Ri also “highlighted the excellent relations” between the two communist countries and gave his Cuban counterpart Bruno Rodriguez “a message from leader Kim Jong-Un expressing his wish to broaden and strengthen (relations) even more,” said the news agency.

Rodriguez reiterated Cuba’s commitment to peacefully reuniting North and South Korea “without foreign interference,” Prensa Latina said.

The visit came as US Assistant Secretary of State Roberta Jacobson met her Cuban counterpart Josefina Vidal, Havana’s top diplomat for US affairs, for a third round of talks to advance a possible US-Cuban rapprochement announced on December 17.

The thaw threatens to leave North Korea as the last country still ostracized by the United States over Cold War-era grudges.

Ri’s visit, the first by a North Korean official since the US-Cuba talks, came amid heightened tensions with South Korea and the United States over their annual joint military drills, which Pyongyang condemns as rehearsals for invasion.

North Korea responded last week by firing surface-to-air missiles into the sea off its coast.

US, Cuba to Continue Talks on Restoring Diplomatic Ties Monday Reply

By Global Times (China)

The United States and Cuba will hold a new round of talks on re-establishing diplomatic relations and re-opening embassies Monday, the State Department said Friday.

Roberta Jacobson, US Assistant Secretary of State for Western Hemisphere, will travel to the Cuban capital of Havana Sunday for talks with Josefina Vidal, Director General of the US Division of Cuba’s Ministry of Foreign Affairs.

The two sides have been in communication since last meeting held in Washington in February, the State Department said in a statement, adding that “it is in the interest of both countries to re-establish diplomatic relations and re-open embassies.”

“A US Embassy in Havana will allow the United States to more effectively promote our interests and values, and increase engagement with the Cuban people,” it said.

President Barack Obama and Cuban President Raul Castro announced in December that they have agreed to restore diplomatic relations, in a move to end more than half a century of estrangement between the two countries.

The two sides have held two rounds of talks in hopes of reopening embassies before a regional summit in April.

On Friday, a senior State Department official told reporters on a conference call that the US still hopes that the embassies could be reopened before the Summit of the Americas slated for April 10-11.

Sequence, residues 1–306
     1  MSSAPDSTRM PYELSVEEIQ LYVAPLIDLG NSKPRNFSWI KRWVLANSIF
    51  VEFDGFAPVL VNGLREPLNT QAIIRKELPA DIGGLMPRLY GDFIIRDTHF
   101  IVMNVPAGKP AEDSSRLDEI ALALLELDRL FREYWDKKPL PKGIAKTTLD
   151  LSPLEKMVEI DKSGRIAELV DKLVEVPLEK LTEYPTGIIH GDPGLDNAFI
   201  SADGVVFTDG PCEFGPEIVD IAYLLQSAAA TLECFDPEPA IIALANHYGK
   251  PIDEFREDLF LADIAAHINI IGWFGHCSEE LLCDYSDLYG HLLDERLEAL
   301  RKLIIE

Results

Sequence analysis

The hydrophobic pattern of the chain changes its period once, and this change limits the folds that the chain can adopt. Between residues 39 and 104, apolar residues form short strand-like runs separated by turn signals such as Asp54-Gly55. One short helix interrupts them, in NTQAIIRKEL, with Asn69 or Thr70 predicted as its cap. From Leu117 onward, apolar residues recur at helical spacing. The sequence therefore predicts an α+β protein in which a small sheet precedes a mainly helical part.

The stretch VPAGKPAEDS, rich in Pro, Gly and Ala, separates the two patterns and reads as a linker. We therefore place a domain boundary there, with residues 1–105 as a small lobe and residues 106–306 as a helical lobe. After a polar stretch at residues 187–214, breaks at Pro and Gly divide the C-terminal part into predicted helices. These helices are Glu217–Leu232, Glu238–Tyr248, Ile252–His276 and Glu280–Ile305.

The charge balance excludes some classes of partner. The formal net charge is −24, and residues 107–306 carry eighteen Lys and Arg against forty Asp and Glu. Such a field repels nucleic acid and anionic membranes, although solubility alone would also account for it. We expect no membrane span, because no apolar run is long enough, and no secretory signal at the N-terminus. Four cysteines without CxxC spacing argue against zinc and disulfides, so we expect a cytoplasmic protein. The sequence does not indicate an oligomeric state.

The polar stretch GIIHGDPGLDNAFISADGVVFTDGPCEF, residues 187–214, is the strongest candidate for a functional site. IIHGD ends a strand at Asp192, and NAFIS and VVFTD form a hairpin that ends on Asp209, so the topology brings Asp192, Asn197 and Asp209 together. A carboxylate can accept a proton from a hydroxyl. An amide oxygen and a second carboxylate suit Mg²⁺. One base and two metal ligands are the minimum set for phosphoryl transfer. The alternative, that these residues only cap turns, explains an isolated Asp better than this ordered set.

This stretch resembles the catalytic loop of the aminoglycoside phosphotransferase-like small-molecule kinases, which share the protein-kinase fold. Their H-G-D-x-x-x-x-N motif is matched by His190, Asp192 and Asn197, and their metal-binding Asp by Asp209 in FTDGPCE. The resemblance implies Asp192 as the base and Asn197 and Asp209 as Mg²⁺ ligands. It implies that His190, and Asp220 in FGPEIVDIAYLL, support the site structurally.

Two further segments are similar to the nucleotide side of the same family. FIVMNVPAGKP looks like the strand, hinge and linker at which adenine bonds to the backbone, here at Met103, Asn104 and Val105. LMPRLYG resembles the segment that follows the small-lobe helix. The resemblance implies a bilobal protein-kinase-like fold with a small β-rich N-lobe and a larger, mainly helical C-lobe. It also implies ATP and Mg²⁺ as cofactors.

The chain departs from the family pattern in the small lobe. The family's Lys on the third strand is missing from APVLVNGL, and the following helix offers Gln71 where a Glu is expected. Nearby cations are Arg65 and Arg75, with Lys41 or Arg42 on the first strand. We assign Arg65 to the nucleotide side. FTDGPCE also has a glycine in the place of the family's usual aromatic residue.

One sticking point of the talks is Cuba’s inclusion in the US blacklist of state sponsors of terrorism since 1982. In announcing the policy shift toward Cuba in December, President Obama instructed Secretary of State John Kerry to review Cuba’s designation in the blacklist.

The official, who spoke on condition of anonymity, told reporters that the US is still reviewing whether Cuba can be removed from the blacklist and will “complete that as quickly as we can.” “We have always said that that should not be linked to the reestablishment of diplomatic relations or opening of embassies,” said the official, who dismissed that Cuba’s support for Venezuela following US sanctions would affect talks between Washington and Havana.

“Cuba has been, obviously, an ally of Venezuela’s for quite a while. Venezuela’s been an ally of Cuba in the past,” the official said. “But what I will say, and I want to be very clear about this, is, it will not have an impact on these conversations moving forward.”

US Sanctions Disrupt Venezuelan Money-Launderers Reply

BPAThe U.S. Treasury’s Financial Crimes Enforcement Network (FinCEN) yesterday named Banca Privada d’Andorra (BPA) as a foreign “money laundering concern.”  FinCEN’s notice also said a senior BPA manager accepted exorbitant commissions to process transactions related to Venezuelan third–party money launderers. “This activity involved the development of shell companies and complex financial products to siphon off funds from Venezuela’s public oil company Petroleos de Venezuela (PDVSA). BPA processed approximately $2 billion in transactions related to this money laundering scheme,” reported FinCEN. Reuters subsequently reported that the government of Andorra has taken control of BPA.